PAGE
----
Tuesday, June 18, 2024

Wanted to understand sexual repression through ‘Agra’: Kanu Behl on his Cannes-bound film

Kanu Behl

Director Kanu Behl says he wanted to explore sexual repression, a feeling that often doesn’t get addressed in India, through his film “Agra”, which is set to have its world premiere at the ongoing Cannes Film Festival on Wednesday.
The movie, which will be screened in the Directors’ Fortnight section at Cannes, marks Behl’s return to the prestigious gala that feted his 2014 debut feature film “Titli” (Un Certain Regard category).
Drawing parallels between his two features, the filmmaker said while “Titli” was about “family” and “circularity”, “Agra” captures the “soul of a troubled boy”.
“‘Agra’ is about sexual repression, the idea of physical spaces and how our repressed sexuality ends up affecting physical spaces around us. And how, in turn, physical spaces end up affecting our sexual lives. It is a play between the two,” Behl told PTI in an interview.
“I wanted to get inside the soul of a troubled boy and understand however difficult the journey might be. I wanted to understand this idea of sexual maturity and sexual repression. It’s a feeling that does not get addressed often in our country,” he added.
The director, who assisted Dibakar Banerjee on films such as “Oye Lucky! Lucky Oye” and co-wrote “LSD: Love Sex Aur Dhokha” with him, said he often wondered why nobody talked about sexual repression.
He later realised that it may have something to do with how “each of us have a public life, a personal life and then a secret life”, Behl said.
“There are some things about your secret life that you don’t reveal to anyone and I found that really interesting. I wanted to go there and explore some of the things that we toy with when we are alone in those secret spaces,” he observed.
“Agra”, written by Behl and Atika Chohan, revolves around Guru, a 24-year-old young single call centre employee, who still lives with his parents and dreams of a room and real intimacy. Caught between his family, the world around him and his own ‘mind’, Guru slowly begins to unravel.
Asked whether certain scenes in the film may make for an uncomfortable watch, the Kapurthala-born director said it would reflect more on the viewer than the story.
“If you have done your homework as an artist, then whatever is being reflected is the truth of life all around us. There is nothing fictional we are building. Art borrows from life, and it is a representation of that,” the filmmaking graduate from Satyajit Ray Film and TV Institute added.
The family in “Agra” is completely different from the one depicted in “Titli”, Behl said, adding that the characters in his latest film are “more like individual units”.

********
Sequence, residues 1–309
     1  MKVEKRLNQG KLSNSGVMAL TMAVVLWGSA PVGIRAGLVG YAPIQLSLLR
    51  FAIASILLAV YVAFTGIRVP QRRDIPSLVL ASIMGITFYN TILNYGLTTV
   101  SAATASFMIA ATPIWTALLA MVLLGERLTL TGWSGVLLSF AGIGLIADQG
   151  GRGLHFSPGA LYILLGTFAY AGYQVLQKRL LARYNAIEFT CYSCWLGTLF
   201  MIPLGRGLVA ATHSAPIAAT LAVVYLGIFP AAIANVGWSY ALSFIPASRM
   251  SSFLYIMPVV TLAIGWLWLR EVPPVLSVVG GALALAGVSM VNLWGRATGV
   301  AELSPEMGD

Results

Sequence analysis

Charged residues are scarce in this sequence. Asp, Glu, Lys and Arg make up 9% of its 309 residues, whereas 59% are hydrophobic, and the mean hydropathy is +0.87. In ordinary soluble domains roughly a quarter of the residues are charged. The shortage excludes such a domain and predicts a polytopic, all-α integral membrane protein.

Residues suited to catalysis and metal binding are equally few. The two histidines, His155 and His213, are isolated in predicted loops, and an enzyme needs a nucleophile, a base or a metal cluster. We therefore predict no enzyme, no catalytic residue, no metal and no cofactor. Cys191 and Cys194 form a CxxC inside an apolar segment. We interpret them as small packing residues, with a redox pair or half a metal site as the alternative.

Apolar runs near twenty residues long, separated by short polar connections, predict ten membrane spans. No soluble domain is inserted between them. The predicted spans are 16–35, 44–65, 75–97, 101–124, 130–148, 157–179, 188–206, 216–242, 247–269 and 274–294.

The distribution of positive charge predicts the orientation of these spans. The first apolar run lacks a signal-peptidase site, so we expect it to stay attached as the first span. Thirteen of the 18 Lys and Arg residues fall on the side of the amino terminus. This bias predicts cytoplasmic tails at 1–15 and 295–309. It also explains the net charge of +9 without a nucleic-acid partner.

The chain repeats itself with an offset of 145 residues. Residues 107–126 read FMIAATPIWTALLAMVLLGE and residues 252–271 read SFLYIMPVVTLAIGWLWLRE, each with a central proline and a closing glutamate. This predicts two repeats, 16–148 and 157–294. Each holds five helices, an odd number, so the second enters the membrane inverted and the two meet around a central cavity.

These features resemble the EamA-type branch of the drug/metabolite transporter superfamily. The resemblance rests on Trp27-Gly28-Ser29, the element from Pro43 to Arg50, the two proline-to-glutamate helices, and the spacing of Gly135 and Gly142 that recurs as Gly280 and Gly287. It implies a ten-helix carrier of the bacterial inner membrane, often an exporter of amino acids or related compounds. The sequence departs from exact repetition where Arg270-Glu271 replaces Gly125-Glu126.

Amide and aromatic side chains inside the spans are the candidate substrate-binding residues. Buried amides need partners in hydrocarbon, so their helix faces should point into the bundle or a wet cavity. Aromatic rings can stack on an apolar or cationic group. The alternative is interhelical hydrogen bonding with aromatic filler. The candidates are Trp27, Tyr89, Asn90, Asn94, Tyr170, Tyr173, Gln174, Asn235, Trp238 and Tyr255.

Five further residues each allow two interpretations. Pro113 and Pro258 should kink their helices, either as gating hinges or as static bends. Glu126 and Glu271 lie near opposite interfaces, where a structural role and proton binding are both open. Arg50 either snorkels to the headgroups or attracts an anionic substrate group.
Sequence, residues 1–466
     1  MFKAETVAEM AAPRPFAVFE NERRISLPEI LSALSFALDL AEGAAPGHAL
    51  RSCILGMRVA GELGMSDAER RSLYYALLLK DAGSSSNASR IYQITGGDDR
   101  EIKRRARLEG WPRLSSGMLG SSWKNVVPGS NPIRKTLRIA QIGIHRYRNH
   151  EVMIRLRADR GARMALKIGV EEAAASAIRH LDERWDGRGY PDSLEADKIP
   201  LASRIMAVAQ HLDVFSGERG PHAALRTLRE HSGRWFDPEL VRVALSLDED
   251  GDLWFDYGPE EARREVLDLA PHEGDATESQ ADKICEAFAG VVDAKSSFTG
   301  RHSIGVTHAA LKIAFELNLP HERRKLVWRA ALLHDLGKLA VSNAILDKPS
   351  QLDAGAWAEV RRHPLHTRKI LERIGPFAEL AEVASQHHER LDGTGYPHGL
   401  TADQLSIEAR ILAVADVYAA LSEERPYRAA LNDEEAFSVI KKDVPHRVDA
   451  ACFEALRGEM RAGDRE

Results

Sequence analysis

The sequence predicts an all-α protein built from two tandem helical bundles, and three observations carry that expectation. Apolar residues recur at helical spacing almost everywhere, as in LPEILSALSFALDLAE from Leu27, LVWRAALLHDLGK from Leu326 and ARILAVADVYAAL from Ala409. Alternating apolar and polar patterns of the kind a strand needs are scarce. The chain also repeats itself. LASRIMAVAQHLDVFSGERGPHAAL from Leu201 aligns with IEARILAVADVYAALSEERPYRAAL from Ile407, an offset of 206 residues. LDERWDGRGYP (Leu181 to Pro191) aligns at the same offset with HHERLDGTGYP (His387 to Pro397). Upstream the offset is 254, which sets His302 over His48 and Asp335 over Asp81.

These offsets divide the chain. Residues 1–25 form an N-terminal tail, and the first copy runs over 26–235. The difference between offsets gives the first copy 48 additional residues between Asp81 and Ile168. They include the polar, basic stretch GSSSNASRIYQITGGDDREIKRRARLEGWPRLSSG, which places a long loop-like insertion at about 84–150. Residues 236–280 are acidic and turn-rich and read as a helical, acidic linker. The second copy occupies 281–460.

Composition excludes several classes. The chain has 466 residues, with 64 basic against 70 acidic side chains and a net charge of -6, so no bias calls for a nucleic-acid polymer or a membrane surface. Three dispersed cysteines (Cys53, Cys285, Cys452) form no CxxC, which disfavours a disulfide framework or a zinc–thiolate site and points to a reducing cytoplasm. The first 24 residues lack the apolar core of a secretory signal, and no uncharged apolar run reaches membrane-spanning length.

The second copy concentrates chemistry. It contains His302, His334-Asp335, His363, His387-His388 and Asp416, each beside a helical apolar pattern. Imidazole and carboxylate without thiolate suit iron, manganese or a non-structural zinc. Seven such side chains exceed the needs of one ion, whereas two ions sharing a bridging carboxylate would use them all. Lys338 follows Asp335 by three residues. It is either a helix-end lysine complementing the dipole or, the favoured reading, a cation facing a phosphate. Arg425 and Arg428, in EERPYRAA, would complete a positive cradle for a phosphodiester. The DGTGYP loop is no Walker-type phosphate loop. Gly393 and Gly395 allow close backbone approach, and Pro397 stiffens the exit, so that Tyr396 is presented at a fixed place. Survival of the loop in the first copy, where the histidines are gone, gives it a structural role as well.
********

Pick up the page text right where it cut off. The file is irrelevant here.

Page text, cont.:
“‘Agra’ is more of a film about individuals engaging in various forms of transactionality more than being a family,” he said.
The world building in his films is in stark difference from the portrayal of families in mainstream films, which the director believes are “a form of advertising of emotions”.
“They are laid out for you on a plate in a manipulative way where you get a certain orgasm of ‘all is well’ by the time they end. Hence, there is very little to no churning once the film is over,” he said, adding that such films are important, but should not be the only one dominating the cultural space in a society.
“Titli”, short film “Binnu Ka Sapna” and now “Agra” — all of Behl’s stories explore the male mindscape. According to the filmmaker, it is easier for him to tap into the mindset of a man.
“I am still learning my craft so I am a little vary of not being able to do justice to a female perspective in as much depth as I should. So, I have stayed away from it for now,” he said.
As far as reflecting the inherent misogyny and patriarchy in society is concerned, Behl said they are the byproduct of the culture and the sociopolitical context these stories are set in, but each of his narratives explore different themes.
“Every film has a cultural and political gaze. It is unavoidable when you put characters in certain situations, it feels like an exploration of misogyny and patriarchy,” he said.
“Agra” features Mohit Agarwal, Priyanka Bose, Rahul Roy, Vibha Chhibber, Rahul Roy, Anchal Goswami and Sonal Jha.
“Aashiqui” star Roy, Behl said, was one of the initial actors they tested for the part of the family patriarch. But the actor found “something personal” in the character and dedicated himself to the three month-long workshop, the director recalled.
“During the workshop, he was the first one to reach and the last one to leave. He found something personal in the script, something really connected with him and early on he said, ‘I will do this role, no one else’ and he completely owned the part,” Behl said.
Behl’s next film is the Manoj Bajpayee-starrer “Dispatch”, which revolves around power and is set in the world of media.
The 76th edition of the Cannes Film Festival will conclude on May 27. (PTI)